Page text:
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Intensive research training is offered in three programmatic areas: the Experimental Research track, the Clinical Research track and the Healthcare Transformation Research track.
The program pays great attention to mentorship on the personal and academic level. The program director meets with the fellows every six months to ensure that the fellows remain on track in all aspects of training. Many faculty within and outside the division are available for fellows to choose as mentors. To better coordinate the fellows’ mentorship in research, the fellowship has a research working group attended by Marc Rothenberg, MD, PhD, Simon Hogan, PhD, David Bernstein, MD, and Kimberly Risma, MD, PhD as faculty members and fellow representatives. The working group formalizes the research plans for the fellowship and the Scientific Oversight Committee for each fellow. In addition to technical competence, the fellows develop important skills in bringing a research project to fruition, including grant writing, manuscript preparation and oral presentations of research findings.
Allergy / Immunology fellows interested in basic and experimental biology may conduct research in a broad range of immunological disorders. The fellows in the Experimental Research track join a research laboratory, where they spend the majority of their effort during research years, and develop competency in performing research techniques that are pertinent to their particular research project. For example, fellows may learn the following techniques: DNA cloning, sequencing, DNA chips; animal breeding, husbandry and genotyping; transgenic engineering; tissue culture; microscopy including morphometric analysis; histologic identification of lymphocytes, mast cells, eosinophils, etc.; immunohistochemistry, mRNA in situ hybridization; cytokine assays − enzyme-linked immunosorbent assay (ELISA), polymerase chain reactions (PCR); Southern, northern, and western blotting; electrophoresis; and data analysis, graphs, statistics and interpretation. Fellows on the Clinical Research track may choose to enroll in graduate-level courses through the University of Cincinnati’s Immunobiology Graduate Training Program, located at Cincinnati Children’s. This program was designed to meet a growing demand for well-trained immunologists, both in academic institutions and in industry.
Allergy / Immunology fellows interested in clinical research have several research and opportunities. The fellows in the Clinical Research track develop a clinical research project, on which they spend the majority of their effort during research years, and competency in performing research techniques that are pertinent to their particular research project and in data analysis, graphs, statistics and interpretation.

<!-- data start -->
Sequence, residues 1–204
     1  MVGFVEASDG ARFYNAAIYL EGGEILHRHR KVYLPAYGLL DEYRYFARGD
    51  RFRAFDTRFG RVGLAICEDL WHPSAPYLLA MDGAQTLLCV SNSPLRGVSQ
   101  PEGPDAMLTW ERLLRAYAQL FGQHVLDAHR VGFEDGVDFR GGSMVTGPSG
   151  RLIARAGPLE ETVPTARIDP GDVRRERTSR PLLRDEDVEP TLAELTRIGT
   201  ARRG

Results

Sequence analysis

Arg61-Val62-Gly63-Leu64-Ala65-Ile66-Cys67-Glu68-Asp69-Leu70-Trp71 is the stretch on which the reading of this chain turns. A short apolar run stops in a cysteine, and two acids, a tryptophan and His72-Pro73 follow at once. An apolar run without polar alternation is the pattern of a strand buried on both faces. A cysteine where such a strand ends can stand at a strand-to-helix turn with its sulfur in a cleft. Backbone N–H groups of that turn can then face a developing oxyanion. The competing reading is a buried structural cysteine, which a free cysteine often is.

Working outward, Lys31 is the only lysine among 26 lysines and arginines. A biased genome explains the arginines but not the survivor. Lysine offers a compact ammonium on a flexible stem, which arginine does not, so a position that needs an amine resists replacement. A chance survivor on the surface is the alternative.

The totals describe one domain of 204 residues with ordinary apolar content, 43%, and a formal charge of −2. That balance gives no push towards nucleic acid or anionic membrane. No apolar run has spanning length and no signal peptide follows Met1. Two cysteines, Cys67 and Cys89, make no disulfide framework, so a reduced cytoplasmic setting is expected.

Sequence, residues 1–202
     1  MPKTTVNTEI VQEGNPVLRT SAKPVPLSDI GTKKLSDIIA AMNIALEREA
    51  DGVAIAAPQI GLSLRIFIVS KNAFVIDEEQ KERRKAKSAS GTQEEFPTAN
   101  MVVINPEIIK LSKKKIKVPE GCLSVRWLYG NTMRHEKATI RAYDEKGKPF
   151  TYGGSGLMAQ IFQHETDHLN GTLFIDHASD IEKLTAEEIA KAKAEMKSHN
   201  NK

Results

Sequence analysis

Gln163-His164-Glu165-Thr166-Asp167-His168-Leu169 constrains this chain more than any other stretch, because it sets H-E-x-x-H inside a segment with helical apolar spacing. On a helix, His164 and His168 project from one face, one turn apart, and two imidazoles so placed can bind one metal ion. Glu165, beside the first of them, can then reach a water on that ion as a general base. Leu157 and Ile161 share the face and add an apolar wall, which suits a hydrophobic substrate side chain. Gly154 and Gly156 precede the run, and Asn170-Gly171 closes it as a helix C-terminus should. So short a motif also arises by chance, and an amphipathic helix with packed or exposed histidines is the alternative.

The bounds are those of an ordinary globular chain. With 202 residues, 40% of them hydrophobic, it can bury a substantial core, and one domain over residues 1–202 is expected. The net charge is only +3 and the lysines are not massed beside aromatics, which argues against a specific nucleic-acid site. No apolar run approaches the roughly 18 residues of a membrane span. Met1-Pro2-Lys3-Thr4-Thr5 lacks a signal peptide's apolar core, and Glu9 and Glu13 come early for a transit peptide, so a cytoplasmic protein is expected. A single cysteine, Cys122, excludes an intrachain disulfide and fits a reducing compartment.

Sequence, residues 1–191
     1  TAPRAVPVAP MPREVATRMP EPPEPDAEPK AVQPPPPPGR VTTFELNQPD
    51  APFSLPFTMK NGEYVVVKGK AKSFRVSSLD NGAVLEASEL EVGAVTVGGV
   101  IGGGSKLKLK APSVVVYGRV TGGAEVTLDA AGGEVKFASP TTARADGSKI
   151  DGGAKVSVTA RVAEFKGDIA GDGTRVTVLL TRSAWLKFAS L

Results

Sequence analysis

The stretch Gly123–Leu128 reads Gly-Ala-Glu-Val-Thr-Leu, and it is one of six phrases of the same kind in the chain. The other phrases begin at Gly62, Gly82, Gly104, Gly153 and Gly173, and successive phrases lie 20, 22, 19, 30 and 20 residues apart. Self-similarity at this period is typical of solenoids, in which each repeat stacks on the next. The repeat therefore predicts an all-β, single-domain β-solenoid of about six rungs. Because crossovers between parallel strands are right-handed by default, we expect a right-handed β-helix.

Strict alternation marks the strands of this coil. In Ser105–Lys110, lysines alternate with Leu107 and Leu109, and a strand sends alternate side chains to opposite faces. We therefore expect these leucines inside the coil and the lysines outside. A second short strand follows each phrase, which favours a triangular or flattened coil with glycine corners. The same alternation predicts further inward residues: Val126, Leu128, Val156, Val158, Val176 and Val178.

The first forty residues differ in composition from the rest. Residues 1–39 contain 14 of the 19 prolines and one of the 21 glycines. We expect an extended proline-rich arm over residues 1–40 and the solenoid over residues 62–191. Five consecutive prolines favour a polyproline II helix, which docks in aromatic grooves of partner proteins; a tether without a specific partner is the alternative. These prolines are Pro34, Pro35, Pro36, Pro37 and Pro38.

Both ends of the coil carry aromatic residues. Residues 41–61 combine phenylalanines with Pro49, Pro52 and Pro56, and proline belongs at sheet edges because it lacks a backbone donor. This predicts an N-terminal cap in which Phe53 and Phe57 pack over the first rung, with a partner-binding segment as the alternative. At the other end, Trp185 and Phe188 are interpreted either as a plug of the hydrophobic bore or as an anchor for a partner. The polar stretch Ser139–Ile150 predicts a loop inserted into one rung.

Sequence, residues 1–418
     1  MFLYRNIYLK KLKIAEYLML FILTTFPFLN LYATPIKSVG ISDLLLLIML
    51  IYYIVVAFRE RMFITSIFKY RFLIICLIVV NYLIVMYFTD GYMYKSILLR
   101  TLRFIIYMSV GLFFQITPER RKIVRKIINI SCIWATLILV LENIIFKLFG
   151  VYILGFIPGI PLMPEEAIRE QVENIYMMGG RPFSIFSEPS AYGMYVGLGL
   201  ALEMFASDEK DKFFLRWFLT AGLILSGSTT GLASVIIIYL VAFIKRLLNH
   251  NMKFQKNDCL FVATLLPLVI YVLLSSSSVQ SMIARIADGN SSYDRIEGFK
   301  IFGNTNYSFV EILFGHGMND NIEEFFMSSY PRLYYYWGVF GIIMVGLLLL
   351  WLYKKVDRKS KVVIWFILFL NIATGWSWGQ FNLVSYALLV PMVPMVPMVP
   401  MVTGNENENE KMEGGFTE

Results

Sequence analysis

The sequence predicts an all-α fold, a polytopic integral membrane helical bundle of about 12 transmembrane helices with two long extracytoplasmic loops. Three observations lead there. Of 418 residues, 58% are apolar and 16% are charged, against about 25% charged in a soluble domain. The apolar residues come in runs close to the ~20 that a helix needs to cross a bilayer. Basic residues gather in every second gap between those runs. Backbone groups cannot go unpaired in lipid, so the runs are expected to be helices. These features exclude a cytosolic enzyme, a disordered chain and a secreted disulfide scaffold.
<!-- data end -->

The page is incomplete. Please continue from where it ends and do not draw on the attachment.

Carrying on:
Allergy / Immunology fellows interested in transforming pediatric health and healthcare delivery may apply to the Quality Scholars Program in Healthcare Transformation. The program’s objectives are to develop conceptual, methodological, practical and leadership skills to: design, develop, test, sustain, scale and disseminate effective interventions in healthcare delivery; accurately measure health and healthcare quality, cost and value; create and lead organizational and policy environments engaged in continuous improvement; and undertake research that creates knowledge and translates evidence of improved approaches to care in clinical, public health and policy settings. This program, directed by Evaline A. Allessandrini, MD, has a three-year training period and involves formal coursework with the University of Cincinnati for a master’s of science in the Clinical Research Training Program. The Quality Scholars Program has two training tracks − Independent Improvement Investigator and System-wide Improvement Leader.
The allergy clinics have made possible a number of clinical and translational research projects that actively involve the allergy fellow trainees from both the Pediatric and Internal Medicine tracks. A number of publications have resulted from these collaborations, several of which have involved allergy fellows.
Jonathan Bernstein, MD has established a DNA bank and database for asthma, allergic and non-allergic rhinitis and other allergic disorders. This project has resulted in collaborations with investigators from the Division of Immunology (Jonathan Bernstein, MD and David Bernstein, MD), Division of Pulmonary Medicine, Division of Allergy and Immunology (Marc E. Rothenberg, MD, PhD; Gurjit Khurana Hershey, MD, PhD; and Amal H. Assa'ad, MD), the Division of Immunobiology and the Center for Environmental Health. Allergy fellows have used this database and DNA bank, which are largely derived from patients at the UC Medical Center and Cincinnati VA Medical Center allergy clinics and the patient population of a large community allergy and asthma private practice in Greater Cincinnati (Bernstein Allergy Group), comprising a combined patient population of 20,000.
Gurjit Khurana Hershey, MD, PhD at Cincinnati Children's has initiated a similar DNA bank and database; currently, there are approximately 2,000 well-characterized patients in the DNA bank.
A DNA data bank has also been established to study genotypes associated with occupational asthma, and this has been expanded to a multicenter NIOSH / CDC-funded international study of genetic markers associated with occupational asthma due to reactive chemicals (David Bernstein, MD, PI, R01 OH008795).
Marc E. Rothenberg, MD, PhD at Cincinnati Children’s has a well-characterized database and sample databank of patients with eosinophilic disorders, which is coordinated through the Cincinnati Center for Eosinophilic Disorders.
Former fellow Tolly Epstein, MD established a DNA bank and database of subjects for a study on asthma in the elderly.
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